FIGS. 7a-7f are Pre-Adjusted Comparable Sale Analysis Forms used in the implementation of a second illustration of the preferred embodiment of the present invention having three comparable properties.
FIGS. 7g-7h are Pre-Adjusted Comparable Sale Analysis Forms used for the subject property in the second illustration of the invention.
FIG. 7i is an appraisal report based upon the Analysis Forms of FIGS. 7a-7h.
FIGS. 8a and 8b are a table serving as a guide for the weights to be assigned each of the categories shown in the slide of FIG. 2, as dependent upon the use classification of the property being appraised.
In describing a preferred embodiments of the invention illustrated in the drawings, specific terminology will be resorted to for the sake of clarity. However, the invention is not intended to be limited to the specific terms so selected, and it is to be understood that each specific term includes all technical equivalents which operate in a similar manner to accomplish a similar purpose.
Now turning to the drawings, FIG. 1 shows the system 10 according to the present invention. The system 10 generally comprises a computer having a processor 12 connected with a display 14, keyboard 16, color printer 18, mouse 20 and modem 22. In addition, the processor 12 may be connected with a digital camera (not shown), so that photographs may be stored with an appraisal record and incorporated into appraisal reports.
The processor 12 is connected to a database 24. In the preferred embodiment, database 24 is a national database that provides sales data for real estate. Thus, the database 24 is maintained by an independent source, and therefore is located remote from processor 12. The database 24 is accessed via a communication medium, such as modem 22 or an Integrated-Service Digital Network (ISDN) connection (not shown). The connection may either be a direct modem connection or through the internet, such as by File Transfer Protocol, the World Wide Web, or by telnet.
In an alternative embodiment, however, database 24 may be located local to, and directly connected with, processor 12 in a stand-alone computer, such as by a CD-ROM. Still yet, the database 24 may be integrated with processor 12 in accordance with well-known computer processing configurations. In these alternative embodiments, the modem 22 connection is eliminated.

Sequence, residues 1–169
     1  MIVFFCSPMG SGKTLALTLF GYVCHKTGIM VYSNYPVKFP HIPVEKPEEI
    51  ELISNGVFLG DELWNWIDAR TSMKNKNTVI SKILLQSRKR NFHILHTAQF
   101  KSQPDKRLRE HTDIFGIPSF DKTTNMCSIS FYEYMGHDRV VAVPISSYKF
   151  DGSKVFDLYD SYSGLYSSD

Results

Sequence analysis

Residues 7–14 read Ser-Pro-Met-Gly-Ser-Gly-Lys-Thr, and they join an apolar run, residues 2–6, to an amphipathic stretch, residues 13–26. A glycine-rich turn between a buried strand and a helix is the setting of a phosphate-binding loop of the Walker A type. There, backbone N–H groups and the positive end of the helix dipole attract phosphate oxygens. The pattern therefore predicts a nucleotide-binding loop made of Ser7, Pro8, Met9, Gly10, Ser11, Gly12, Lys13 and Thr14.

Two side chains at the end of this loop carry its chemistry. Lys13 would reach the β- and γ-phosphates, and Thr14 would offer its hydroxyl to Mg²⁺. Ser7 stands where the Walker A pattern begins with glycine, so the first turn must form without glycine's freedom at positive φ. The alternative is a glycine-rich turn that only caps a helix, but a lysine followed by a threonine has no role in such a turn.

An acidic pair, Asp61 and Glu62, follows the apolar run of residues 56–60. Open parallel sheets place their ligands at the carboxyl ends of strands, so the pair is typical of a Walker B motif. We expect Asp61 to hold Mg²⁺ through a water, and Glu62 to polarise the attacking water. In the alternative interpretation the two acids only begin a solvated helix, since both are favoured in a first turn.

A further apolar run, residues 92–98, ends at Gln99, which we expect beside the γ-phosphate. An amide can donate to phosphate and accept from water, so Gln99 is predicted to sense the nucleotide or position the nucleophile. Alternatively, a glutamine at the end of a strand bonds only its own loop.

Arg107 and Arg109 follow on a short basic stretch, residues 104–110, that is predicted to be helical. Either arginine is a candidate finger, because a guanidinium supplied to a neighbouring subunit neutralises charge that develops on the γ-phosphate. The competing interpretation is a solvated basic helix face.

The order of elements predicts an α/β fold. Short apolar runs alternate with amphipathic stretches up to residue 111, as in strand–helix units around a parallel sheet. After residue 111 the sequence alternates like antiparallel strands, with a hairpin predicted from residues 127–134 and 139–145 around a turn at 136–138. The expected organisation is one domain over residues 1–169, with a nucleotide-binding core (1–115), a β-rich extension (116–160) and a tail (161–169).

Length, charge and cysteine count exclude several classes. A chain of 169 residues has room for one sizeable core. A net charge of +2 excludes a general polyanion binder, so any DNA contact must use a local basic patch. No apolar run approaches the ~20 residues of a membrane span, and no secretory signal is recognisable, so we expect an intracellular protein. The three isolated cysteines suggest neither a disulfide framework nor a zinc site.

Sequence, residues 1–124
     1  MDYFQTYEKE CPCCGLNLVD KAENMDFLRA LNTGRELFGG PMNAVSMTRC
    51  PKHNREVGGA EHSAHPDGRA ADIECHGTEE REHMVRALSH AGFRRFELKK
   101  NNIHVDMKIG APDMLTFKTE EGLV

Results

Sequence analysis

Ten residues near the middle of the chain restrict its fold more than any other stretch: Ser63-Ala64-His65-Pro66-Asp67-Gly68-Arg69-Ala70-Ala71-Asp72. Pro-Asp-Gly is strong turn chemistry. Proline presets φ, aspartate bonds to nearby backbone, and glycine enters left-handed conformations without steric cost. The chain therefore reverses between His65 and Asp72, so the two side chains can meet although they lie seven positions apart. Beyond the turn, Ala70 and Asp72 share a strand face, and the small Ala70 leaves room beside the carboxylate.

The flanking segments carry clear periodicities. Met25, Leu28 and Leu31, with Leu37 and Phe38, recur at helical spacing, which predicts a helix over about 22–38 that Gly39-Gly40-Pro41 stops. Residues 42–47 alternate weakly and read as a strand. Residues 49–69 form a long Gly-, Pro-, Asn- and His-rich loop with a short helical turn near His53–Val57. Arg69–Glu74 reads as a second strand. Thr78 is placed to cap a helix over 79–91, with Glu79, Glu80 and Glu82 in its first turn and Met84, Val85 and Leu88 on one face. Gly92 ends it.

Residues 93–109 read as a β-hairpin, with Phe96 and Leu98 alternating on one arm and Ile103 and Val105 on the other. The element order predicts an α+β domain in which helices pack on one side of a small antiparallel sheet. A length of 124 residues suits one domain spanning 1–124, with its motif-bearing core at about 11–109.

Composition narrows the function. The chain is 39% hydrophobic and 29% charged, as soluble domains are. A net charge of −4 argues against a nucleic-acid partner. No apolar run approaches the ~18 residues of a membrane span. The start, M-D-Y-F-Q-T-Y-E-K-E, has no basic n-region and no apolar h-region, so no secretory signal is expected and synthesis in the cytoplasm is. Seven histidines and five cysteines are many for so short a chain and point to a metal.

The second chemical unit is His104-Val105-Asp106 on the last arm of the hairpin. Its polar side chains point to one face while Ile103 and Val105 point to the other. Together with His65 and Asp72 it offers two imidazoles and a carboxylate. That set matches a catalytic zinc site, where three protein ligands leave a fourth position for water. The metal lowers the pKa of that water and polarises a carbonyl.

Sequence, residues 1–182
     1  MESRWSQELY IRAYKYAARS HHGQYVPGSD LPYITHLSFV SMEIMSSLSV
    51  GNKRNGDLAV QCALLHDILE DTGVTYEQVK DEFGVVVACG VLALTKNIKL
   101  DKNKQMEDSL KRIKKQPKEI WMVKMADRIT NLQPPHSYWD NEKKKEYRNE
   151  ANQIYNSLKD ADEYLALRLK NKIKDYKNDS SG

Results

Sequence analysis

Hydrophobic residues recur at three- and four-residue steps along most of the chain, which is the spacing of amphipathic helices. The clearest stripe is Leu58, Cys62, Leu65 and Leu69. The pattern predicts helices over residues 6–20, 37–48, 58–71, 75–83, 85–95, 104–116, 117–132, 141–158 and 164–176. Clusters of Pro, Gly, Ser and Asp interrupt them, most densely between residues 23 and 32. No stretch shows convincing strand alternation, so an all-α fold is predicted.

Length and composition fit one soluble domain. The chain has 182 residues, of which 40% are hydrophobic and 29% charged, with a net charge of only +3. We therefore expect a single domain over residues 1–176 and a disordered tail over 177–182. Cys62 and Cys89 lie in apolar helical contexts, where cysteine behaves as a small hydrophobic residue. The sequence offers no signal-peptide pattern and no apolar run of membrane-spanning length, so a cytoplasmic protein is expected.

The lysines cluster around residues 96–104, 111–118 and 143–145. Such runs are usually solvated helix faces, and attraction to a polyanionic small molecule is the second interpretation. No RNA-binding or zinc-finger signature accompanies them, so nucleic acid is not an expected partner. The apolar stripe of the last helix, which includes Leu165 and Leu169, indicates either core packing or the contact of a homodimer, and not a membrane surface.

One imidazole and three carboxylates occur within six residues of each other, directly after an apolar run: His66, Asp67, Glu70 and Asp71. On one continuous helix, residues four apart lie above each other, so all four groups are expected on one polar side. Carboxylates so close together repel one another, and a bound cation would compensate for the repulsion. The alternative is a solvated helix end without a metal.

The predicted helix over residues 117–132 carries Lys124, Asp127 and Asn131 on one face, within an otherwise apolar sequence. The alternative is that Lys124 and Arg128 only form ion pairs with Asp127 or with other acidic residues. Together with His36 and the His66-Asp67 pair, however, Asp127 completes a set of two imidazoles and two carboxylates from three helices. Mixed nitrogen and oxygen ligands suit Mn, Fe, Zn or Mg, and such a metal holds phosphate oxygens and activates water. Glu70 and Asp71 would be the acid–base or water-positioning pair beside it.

The display 14, keyboard 16 and mouse 20 are used to enter data and commands concerning the subject property and any comparable properties as becomes necessary. The entered data and commands are processed and implemented by processor 12, which then accesses information stored in database 24 via modem 22.
The system and method of the present invention is implemented by computer software which permits the accessing of data from computer database 24. The software is preferably stored within processor 12, though may be located at a remotely located processor (not shown), such as a processor that also retains database 24. Accordingly, the system 10 may be a single free-standing computer or a group of computers networked together, such as via the internet or by local networking.
The accessing of data from database 24 in accordance with the software instructions that implement the invention is performed in accordance with well-known processing techniques. In addition, the appraisal information generated by the system 10 may be downloaded to other remote computers through established communication protocols, such as by the nation-wide EDI (Electronic Data Interchange), for use by lending institutions and other establishments. This has particular use for underwriting systems, so that an appraisal report can be generated and electronically exchanged after an electronic credit analysis has been performed.
The analysis form provides a simple process for an appraiser to ascertain a buyer's values and desires in a subject or comparable property. As will become more apparent below, an analysis form is completed for each comparable property and placed into the database 24 for use with similar properties. The database 24 stores each property as a separate searchable record. The sales data for each property can then be compared with other sales for an ongoing indication of market values by each property, class, size, category, or other similar factors.